I blame node.js and Rails for the global memory shortage that keeps prices sky high
Hi! We notice you're driving past our bookstore!
That's great, but you have your car windows closed. Would you mind opening your windows? We'd like to fill your car with wasps and locusts.
Now just one minute. Filling strangers' cars with wasps and locusts is how we pay our bills. Do you want us to starve?
We understand you may have had some bad experience with other wasp-and-locust providers. Some low-quality locusts got in the mix. But that's all been sorted out now!
Window. Open it.
Jeez, JIRA can be nasty.
Tried migrating a single user from LDAP to JIRA internal user registry. Took me a few renames, some manual fooling around with the database, and a restart, but it finally works.
I don't know how many phantom users were created in the process, but what matters is that the user can now login to JIRA using their old username which is not in LDAP anymore, and any comments posted by that user are still owned by that user.
It's an bot account btw, no real person was hurt.
"(...) Kogan’s app, called thisismydigitallife, gave him permission to access their Facebook profiles. And not just theirs, but their friends’ too. On average, each “seeder” the people who had taken the personality test, around 320,000 in total unwittingly gave access to at least 160 other people’s profiles, none of whom would have known or had reason to suspect."
More Effective Security Policies
I should really go to sleep, because I start having stupid ideas, like putting an HDD in PowerEdge 2900's floppy drive slot. Or putting an HDD next to the floppy slot, on top of the regular HDD enclosures. Or disconnecting the flexbay backplane from the main 8-drive backplane, and connecting it to a second RAID controller, whose battery will be laying around in a random place in the case.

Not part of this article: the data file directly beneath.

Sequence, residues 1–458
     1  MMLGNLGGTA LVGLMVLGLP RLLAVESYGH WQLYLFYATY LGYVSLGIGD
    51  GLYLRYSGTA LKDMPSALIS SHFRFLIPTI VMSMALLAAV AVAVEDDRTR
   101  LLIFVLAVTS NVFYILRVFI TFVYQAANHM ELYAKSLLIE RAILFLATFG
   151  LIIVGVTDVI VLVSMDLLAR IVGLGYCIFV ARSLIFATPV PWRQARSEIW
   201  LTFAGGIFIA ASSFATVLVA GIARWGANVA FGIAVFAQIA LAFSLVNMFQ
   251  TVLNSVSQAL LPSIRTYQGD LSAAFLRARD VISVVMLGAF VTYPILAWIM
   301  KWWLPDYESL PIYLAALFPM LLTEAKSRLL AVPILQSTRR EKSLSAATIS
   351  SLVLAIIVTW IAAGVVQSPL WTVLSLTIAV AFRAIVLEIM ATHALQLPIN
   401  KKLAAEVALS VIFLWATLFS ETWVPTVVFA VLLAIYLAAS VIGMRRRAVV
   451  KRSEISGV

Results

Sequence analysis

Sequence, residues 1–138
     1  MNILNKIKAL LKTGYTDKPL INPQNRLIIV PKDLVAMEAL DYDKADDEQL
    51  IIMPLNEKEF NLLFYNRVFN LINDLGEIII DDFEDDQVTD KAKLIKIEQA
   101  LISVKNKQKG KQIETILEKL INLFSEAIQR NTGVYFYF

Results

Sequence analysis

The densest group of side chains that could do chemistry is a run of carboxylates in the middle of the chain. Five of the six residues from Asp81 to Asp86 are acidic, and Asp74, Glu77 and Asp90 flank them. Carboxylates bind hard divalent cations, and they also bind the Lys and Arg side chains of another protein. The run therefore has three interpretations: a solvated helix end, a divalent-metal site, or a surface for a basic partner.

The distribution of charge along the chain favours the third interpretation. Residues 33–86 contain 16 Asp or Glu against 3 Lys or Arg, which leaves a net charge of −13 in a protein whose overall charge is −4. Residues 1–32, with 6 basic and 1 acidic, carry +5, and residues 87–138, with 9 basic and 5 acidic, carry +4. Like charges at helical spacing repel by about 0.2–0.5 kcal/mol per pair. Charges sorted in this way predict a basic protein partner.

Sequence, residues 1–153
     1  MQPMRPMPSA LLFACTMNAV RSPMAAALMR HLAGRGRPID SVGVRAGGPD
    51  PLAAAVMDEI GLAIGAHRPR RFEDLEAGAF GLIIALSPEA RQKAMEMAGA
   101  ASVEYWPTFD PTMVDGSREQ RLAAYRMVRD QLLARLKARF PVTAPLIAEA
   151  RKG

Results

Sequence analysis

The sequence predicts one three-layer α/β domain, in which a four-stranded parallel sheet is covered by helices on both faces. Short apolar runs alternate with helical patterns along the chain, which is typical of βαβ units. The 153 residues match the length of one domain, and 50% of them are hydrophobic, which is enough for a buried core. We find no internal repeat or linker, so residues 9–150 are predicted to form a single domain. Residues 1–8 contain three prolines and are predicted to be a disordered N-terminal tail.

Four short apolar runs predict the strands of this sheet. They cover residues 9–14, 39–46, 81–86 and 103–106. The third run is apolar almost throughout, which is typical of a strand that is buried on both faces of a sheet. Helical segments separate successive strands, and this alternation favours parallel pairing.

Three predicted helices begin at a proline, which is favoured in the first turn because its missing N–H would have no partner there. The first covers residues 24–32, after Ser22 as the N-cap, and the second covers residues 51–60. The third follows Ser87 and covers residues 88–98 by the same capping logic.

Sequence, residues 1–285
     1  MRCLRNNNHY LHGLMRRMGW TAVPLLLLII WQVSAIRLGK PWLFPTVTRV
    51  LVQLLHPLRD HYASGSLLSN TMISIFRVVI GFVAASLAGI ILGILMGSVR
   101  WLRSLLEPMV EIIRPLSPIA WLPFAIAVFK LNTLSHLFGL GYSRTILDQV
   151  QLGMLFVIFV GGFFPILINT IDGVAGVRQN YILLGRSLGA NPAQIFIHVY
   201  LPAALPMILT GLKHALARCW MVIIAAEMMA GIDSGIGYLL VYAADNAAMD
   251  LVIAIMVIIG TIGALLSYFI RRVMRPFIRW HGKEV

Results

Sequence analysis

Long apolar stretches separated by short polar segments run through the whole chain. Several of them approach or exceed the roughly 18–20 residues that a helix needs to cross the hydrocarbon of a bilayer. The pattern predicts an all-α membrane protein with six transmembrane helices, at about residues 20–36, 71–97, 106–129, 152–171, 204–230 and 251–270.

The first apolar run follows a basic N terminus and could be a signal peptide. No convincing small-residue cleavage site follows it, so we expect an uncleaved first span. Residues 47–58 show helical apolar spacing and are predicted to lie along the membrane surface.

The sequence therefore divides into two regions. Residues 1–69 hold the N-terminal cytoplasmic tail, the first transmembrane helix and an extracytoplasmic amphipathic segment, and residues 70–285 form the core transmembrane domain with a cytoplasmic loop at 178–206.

Yeah, I need some sleep.
Remnants of #DRM are being removed from Polish ebook market. The last big bookstore removes all DRM-protected #ebooks from its offer, describing this technology as cumbersome. If a publisher insists on using DRM, then its books will not be sold at all.
I find Mastodon much less outrage-prone than Twitter, which to me is a virtue. But it also means I had to make a deliberate effort to use Twitter less and use Mastodon more. (And eventually, to quit Twitter entirely.)
On Twitter, it's easy to get lost in a stream of hot takes, bickering, and drama. Whereas on Mastodon, I often scroll to the end of my timeline and say, "Huh. I'm all caught up." For my quality of life, this is great, but for "engagement," it's a disaster.
WebKit has been doing some interesting privacy work recently: https://webkit.org/blog/8146/protecting-against-hsts-abuse/
Then a friend told be about
It doesn't quite do things the way I wanted to do them, but it's close enough. I like the tree-ish UI.
Haven't had time to investigate further.
Has anyone taken a closer look at it, and/or has an interesting opinion on this kind of discussion platform?
I was thinking of creataing an online discussion platform, where you'd argue claims instead of people making them. There'd be counter-arguments to claims and whatnot. It wouldn't show who created each claim, but there'd be stackoverflow-like karma (downvotes not for disagreement, but for arguments being badly formed / irrelevant / ad-hominem, etc.)
I was thinking that'd be an interesting social experiment.
Be my guest !
I don't mention that explicitly but I point to some resources (the GNU guidelines and the Christopher Lemmer Webber post and my own post on the guix mailing list)
But the reason is that many npm packages cannot be built ffrom source. On npm there's the binary only
This is for many reasons
But many of them are not buildable